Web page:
We model policy decision-making processes grounded in culture within a framework of coupled human and natural systems, quantifying cultural influence using the Values-Beliefs-Norms (VBN) framework informed by an extensive survey of the local population. Within an agent-based model, agents vote to adopt or reject environmental policies.
Heterogeneity among agents is derived from demographics, VBN factors, and the environment. Each human agent is populated by attributes extracted from an extensive survey of the local population. Attributes include demographic characteristics (gender, education, income, age, and occupation), values characteristics (altruistic toward humans, altruistic toward biodiversity, traditional, self, and openness to change), environmental worldviews, political ideology, and environmental knowledge.
The agents’ decision-making processes are informed by cultural, hydrological, and aquatic biodiversity models. The fully integrated model (Figure 2) is then used to evaluate whole-system response to climate variation scenarios derived from historical data and downscaled climate projections. This integrative model represents a functional coupling of natural and human systems, allowing for biophysical feedbacks to directly affect agents’ decision-making processes and enabling us to evaluate the sustainability outcomes delivered by different policy scenarios.
Our findings demonstrate that policy support is grounded in cultural values, and cultural differences explain preferences for conservation policies designed to conserve and protect water resources and aquatic ecosystems. The array of values invoked to make decisions about policies, and the social-psychological pathways linking values to policy support can vary across policies and types of agents (e.g. farmers and non-farmers).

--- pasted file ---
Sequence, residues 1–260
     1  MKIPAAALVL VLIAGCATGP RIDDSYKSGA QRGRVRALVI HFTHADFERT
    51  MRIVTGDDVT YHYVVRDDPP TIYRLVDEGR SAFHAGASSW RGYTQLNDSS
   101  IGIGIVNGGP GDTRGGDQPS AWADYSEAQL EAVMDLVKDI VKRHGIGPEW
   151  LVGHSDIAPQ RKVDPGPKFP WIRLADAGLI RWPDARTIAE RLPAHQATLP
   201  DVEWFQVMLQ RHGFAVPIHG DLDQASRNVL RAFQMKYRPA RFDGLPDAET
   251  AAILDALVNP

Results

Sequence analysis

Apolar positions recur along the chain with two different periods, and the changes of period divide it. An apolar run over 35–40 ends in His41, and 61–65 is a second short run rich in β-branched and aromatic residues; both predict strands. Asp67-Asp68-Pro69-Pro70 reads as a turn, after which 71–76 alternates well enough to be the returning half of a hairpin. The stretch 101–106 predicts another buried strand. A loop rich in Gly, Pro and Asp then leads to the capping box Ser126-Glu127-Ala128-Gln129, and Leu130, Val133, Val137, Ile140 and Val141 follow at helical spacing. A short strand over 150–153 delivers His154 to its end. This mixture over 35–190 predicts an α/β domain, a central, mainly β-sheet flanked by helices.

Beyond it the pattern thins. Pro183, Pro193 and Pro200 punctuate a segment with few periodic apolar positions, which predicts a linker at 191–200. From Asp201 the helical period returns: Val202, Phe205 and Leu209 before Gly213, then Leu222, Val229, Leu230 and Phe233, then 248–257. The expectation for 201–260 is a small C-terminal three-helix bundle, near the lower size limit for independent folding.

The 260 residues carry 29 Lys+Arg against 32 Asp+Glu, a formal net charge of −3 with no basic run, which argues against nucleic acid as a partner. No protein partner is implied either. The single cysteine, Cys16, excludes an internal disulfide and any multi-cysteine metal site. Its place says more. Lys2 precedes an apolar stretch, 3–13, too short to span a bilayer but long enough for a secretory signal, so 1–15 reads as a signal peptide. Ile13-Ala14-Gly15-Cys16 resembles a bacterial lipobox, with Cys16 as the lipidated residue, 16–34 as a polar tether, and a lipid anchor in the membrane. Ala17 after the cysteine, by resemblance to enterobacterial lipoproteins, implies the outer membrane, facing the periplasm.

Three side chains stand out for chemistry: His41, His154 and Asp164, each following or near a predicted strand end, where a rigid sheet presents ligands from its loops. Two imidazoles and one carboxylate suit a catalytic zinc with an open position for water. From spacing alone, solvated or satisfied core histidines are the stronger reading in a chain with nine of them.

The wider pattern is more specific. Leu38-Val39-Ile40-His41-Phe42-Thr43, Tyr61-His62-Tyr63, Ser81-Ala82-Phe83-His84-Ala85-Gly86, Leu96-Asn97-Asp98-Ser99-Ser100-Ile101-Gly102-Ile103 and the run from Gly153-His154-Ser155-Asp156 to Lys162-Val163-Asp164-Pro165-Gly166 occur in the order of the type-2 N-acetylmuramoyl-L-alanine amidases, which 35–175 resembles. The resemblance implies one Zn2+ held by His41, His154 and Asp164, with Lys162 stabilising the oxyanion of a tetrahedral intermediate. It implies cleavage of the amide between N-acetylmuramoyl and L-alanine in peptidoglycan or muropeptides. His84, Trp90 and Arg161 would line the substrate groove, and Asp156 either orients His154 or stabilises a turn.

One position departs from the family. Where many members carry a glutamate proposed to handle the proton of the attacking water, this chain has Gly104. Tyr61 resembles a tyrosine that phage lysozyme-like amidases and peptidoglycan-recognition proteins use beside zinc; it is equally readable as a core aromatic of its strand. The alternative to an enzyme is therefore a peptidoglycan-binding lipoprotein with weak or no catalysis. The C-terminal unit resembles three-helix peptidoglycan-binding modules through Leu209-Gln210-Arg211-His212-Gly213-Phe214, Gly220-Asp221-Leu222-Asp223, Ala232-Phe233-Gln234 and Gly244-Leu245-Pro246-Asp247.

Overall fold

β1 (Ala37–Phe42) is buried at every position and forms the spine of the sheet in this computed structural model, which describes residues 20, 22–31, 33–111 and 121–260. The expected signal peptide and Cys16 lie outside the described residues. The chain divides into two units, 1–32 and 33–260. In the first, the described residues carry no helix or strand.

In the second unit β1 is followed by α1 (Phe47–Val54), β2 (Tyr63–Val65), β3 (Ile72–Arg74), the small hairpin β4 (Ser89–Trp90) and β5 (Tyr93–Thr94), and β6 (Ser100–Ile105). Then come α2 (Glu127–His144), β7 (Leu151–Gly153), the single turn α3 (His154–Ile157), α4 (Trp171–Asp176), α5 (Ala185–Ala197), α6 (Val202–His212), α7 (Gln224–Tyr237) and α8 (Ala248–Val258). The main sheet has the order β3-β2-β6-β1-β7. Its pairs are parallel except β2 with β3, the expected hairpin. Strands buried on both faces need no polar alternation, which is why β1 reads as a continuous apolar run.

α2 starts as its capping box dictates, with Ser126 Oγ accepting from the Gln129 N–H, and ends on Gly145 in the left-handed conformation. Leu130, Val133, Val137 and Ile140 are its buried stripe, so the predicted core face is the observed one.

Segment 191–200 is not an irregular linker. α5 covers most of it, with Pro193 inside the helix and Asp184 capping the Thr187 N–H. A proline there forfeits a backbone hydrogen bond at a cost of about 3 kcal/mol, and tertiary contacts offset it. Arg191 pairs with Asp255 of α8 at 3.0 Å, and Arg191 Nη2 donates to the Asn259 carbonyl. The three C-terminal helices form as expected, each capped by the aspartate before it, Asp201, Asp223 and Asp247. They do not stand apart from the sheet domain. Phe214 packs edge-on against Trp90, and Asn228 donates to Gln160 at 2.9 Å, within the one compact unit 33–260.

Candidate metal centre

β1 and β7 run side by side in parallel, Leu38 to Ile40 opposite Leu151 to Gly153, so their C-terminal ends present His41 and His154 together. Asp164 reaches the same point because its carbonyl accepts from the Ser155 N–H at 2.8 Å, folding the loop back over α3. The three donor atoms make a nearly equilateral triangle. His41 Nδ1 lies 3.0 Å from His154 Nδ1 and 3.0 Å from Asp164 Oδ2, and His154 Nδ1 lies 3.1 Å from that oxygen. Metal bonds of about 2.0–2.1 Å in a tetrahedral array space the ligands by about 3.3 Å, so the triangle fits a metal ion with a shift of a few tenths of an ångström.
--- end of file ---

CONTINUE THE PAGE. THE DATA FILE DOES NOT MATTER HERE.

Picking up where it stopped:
In contrast, some human system factors, such as financial obligation, are the strongest and most consistent explanation of support for conservation policies among members of both groups. These dynamic linkages between cultural and environmental factors reveal new pathways for actions that support sustainability.
Our results indicate resistance to environmental policy, suggesting that the local cultural framework may result in rejection of sustainability policies and prevention of needed support even under potentially extreme climate conditions.
However, our model also showed that the best opportunities for policy acceptance immediately follow extreme events. This underlines the need for influencing culture and pro-environmental behaviour via interventions and monitoring to benefit from the increased acceptance of environmental policies during and immediately following severe environmental conditions. This work provides the foundation necessary for future research to explore rich questions about coupled system dynamics and sustainability policy.
This work was supported in part by the National Science Foundation, Dynamics of Coupled Natural and Human Systems Program, Award #1313815.
Caldas, M et al. 2018. An interdisciplinary approach to water management. Scientia.
Chatterjee, S., et al. 2018. Projected climate change impacts on hydrologic flow regimes in the Great Plains of Kansas. River Res Applic. 1–12. https://doi.org/10.1002/rra.3249
Caldas M., et al. 2015. Opinion: Endogenizing culture in sustainability science research and policy. Proceedings of the National Academy of Science of the United States of America 112(27): 8157–8159.
Sanderson, M., et al. 2017. Bringing the “social” into sociohydrology: Conservation policy support in the Central Great Plains of Kansas, USA. Water Resources Research 53 (8), 6725-6743.
Sanderson, M. et al. 2018. Explaining Climate Change Beliefs in an Agricultural Context: The Role of Held Values. Climatic Change, 150(3-4): 259 – 272.
Stroud Water Research Center
Melinda Daniels, Marcellus Caldas, Jessica Heier Stamm, Matthew Sanderson, Jason Bergtold, Gabriel Granco, Martha Mather, Joeseph Aistrup, David Haukos